Creating a FLAP around literacy and early childhood development
In Alberta’s Lamont County, innovative program fosters parent-and-child engagement
Research suggests birth through age six as a critical period for a child’s development.
And since there are no dress rehearsals and no mulligans for a career in parenthood, a central Alberta organization is providing some on-the-job assistance.
The Lamont County Community Adult Learning Council, based about an hour north of Edmonton, offers Family Learn and Play (FLAP)—a family literacy development program to benefit both parents and children.
“As we all know, parenthood doesn’t come with a manual,” says council director Debbie Holland. “But all parents come with skills. We just enhance what they have and help them look at things through a different lens.”
FLAP fosters parent-child engagement by creating a stimulating environment, including rhyme and song hours that are led by a key facilitator. Child care is also included in the program to allow for parents-only discussion on various current topics.
Christy Bear, a program participant since 2012, says FLAP gave her the confidence and skills she needed to raise her two children after her family relocated to rural Lamont County.
“The program has helped me immensely . . . I feel I can really open up my heart while developing a sense of trust with my peers,” says Bear. “At home, it’s great to hear (my kids) sing songs from FLAP and ask me to read them a book.”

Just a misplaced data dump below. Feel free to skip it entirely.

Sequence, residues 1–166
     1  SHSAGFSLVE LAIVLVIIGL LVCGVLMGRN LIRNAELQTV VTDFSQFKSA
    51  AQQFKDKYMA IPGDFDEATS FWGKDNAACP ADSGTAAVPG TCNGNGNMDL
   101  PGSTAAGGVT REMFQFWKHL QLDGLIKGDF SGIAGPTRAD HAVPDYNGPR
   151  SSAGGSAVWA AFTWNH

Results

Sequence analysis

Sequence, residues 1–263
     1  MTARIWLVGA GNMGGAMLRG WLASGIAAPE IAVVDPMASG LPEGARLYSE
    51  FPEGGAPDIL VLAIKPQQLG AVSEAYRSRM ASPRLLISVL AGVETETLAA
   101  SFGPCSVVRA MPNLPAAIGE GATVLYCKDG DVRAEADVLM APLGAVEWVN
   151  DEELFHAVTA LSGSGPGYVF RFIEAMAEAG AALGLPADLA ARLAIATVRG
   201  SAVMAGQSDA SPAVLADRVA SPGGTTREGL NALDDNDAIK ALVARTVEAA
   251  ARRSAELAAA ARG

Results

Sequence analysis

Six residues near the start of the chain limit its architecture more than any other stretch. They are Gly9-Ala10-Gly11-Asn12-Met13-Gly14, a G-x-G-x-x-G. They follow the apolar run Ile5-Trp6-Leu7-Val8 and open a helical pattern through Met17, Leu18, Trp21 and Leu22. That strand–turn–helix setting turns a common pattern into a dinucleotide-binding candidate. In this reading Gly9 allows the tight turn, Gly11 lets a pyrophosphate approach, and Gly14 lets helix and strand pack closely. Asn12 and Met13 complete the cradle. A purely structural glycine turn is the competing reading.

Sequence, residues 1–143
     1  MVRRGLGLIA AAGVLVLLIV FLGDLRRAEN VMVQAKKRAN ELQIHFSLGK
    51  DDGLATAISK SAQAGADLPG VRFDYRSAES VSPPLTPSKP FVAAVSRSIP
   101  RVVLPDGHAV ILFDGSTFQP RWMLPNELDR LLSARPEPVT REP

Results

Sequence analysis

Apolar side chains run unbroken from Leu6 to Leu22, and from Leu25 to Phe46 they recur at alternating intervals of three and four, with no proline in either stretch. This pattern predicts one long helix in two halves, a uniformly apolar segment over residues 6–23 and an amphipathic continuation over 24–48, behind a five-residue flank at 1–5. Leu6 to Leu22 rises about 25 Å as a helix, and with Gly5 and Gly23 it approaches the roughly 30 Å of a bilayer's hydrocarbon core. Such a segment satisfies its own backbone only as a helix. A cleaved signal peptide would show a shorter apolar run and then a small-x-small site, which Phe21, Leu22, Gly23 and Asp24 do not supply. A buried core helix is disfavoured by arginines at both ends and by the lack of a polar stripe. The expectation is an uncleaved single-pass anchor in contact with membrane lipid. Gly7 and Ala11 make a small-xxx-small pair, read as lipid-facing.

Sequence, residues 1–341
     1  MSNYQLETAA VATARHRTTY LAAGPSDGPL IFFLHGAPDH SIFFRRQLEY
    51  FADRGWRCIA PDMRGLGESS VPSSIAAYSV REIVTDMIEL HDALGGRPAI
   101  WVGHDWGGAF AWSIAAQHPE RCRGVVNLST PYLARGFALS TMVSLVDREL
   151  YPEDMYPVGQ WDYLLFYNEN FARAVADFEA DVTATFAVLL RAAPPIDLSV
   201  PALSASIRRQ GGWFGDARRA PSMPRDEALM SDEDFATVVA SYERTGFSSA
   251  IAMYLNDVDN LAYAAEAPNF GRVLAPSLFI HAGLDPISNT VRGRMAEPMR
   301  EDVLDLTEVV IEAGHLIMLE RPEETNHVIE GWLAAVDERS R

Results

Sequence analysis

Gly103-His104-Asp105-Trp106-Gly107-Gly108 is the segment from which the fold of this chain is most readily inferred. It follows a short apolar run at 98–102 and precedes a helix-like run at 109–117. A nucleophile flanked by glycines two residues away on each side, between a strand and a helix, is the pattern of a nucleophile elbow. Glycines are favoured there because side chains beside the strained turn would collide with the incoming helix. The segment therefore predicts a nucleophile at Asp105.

A true testament to the program, Bear is currently training to become one of the very facilitators she relied on in earlier years.
In classes of typically 20 parent and child duos, demonstrating children’s development is of utmost importance. While the program is designed for parents, the children reap the benefits.
“When we see a child reaching for a book, that’s an emerging literacy,” says Holland. “Being able to share that with the parent means they are starting to see the positive impact they are making on their children.”
The Lamont County Community Adult Learning Council is part of a loose affiliation of about 125 organizations and non-profits across Alberta that provide literacy and lifelong learning opportunities. This network stretches from Grande Prairie to Medicine Hat, and is supported by provincial government funding and church partnerships.
Enbridge is committed to strengthening the social fabric in communities where we operate. In 2016, we invested $4.08 million in community-strengthening initiatives across Alberta, while our employee-driven 2017 United Way campaigns in Calgary and Edmonton raised $1.72 million and $1.58 million, respectively.
We recently made a $5,000 donation to support the continued operation of the FLAP program, one of many community programs offered in Lamont County.
“After participants come through our door, we try to weave them in and out of where we think they may also find aid,” says Holland.
Holland’s hope for the near future is to bring more partners to the table in an effort to identify extended services worth pursuing. Current plans include a financial literacy course and expanded food service programs.
“Witnessing the growth in these people,” she says, “is very meaningful.”